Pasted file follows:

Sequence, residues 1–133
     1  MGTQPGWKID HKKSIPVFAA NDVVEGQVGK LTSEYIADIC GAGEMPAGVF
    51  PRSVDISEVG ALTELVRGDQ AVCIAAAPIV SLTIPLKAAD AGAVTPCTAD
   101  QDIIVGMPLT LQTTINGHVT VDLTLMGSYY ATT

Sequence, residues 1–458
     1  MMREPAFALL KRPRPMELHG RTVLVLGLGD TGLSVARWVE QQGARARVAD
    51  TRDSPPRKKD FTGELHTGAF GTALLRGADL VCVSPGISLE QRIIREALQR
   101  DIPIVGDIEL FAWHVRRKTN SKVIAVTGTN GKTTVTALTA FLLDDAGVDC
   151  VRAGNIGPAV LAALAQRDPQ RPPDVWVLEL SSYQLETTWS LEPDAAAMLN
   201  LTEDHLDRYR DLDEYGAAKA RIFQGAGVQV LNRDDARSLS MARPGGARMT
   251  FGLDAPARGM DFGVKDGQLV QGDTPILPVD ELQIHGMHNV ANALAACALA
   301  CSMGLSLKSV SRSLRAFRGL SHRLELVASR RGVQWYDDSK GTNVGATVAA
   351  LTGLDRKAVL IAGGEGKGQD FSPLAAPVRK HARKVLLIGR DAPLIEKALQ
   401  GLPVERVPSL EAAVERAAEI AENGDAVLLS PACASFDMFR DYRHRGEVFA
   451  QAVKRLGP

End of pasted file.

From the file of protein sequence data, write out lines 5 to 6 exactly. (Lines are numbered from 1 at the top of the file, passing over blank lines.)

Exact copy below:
Sequence, residues 1–458
     1  MMREPAFALL KRPRPMELHG RTVLVLGLGD TGLSVARWVE QQGARARVAD